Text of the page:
“I felt like I was really strong on the flats so I tried to take as much advantage as I could there because I knew I was going to get crushed on the uphill, which I did,” she said. “On the uphill I didn’t even know what to do. I tried coaches’ skating and just tried to do anything I could to get there as fast as possible.”
Vaillancourt was not slated to start Thursday’s mixed relay, but stepped in when Megan Heinicke came down sick.
In the second leg, Crawford used one spare in prone and cleaned standing to move into 12th before her final 2 k lap, but ultimately fell to 15th before the team’s second exchange. She clocked the third-fastest range time of the second leg.
Much like Crawford, the team’s third leg skier, Smith, used one spare in prone and cleaned standing. His range time was the fourth fastest of the first men’s leg. Given his accurate shooting and strong skiing, Smith brought the team to 11th before the final leg. He explained that because he was tagged in 15th, he focused on his individual skiing and shooting more than he would have if the team were fighting for a top position.
“It’s probably the most challenging conditions you’ll ever see,” Smith said. “… Standing was really good. I was a little bit shaky for one shot and then I had the discipline to reset and make sure I hit all those shots.”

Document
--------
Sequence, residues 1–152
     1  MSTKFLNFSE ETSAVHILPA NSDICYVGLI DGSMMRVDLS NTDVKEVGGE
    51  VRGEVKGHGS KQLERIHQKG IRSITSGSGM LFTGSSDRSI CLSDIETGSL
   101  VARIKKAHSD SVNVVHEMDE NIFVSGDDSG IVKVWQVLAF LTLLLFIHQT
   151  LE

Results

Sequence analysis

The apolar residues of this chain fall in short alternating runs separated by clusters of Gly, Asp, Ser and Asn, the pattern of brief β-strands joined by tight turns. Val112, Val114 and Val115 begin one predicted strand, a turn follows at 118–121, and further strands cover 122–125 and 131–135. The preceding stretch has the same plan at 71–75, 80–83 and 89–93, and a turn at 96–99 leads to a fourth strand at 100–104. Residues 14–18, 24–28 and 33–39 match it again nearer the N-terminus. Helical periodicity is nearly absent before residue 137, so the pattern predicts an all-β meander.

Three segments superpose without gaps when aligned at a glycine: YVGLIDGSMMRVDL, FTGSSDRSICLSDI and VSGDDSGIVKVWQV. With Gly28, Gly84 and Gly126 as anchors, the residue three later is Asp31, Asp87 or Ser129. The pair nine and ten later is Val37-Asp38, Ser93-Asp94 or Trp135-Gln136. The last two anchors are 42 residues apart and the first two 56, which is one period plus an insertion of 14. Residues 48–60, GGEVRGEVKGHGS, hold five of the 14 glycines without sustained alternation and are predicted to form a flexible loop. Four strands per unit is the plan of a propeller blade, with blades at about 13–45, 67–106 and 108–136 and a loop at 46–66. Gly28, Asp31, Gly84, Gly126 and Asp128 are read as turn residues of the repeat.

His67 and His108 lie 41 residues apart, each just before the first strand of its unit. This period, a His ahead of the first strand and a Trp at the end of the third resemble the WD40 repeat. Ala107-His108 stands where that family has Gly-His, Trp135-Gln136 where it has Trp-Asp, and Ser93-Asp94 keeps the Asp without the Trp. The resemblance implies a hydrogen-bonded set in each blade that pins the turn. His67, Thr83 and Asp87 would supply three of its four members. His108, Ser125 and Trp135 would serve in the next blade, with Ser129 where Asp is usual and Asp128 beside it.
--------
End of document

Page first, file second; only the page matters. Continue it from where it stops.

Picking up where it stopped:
Canada’s anchor, Green cleaned both prone and standing but ultimately lost one place to finish 12th. The 28 year old, who has dealt with lingering back problems for several years after surgery, said that a February crash in Oslo left him unable to participate in regular intensity training in the weeks leading up to World Championships. According to Green, Thursday’s main focus was getting the body back into racing form before the sprint.
Much like the Americans, the Canadian team suggested Thursday’s result was far from their true potential.
“I don’t know, the mixed relays for us are kind of cursed,” Green said. “It’s been a few years where we’ve been able to put together a good mixed relay, but it really is one of the races that should be our strongest so I don’t know if we’re a bit jinxed or what.”
Lander Karath is FasterSkier's Associate Editor from Bozeman, Montana and a Bridger Ski Foundation alumnus. Between his studies at Middlebury College in Vermont, he is an outdoor enthusiast and a political junkie.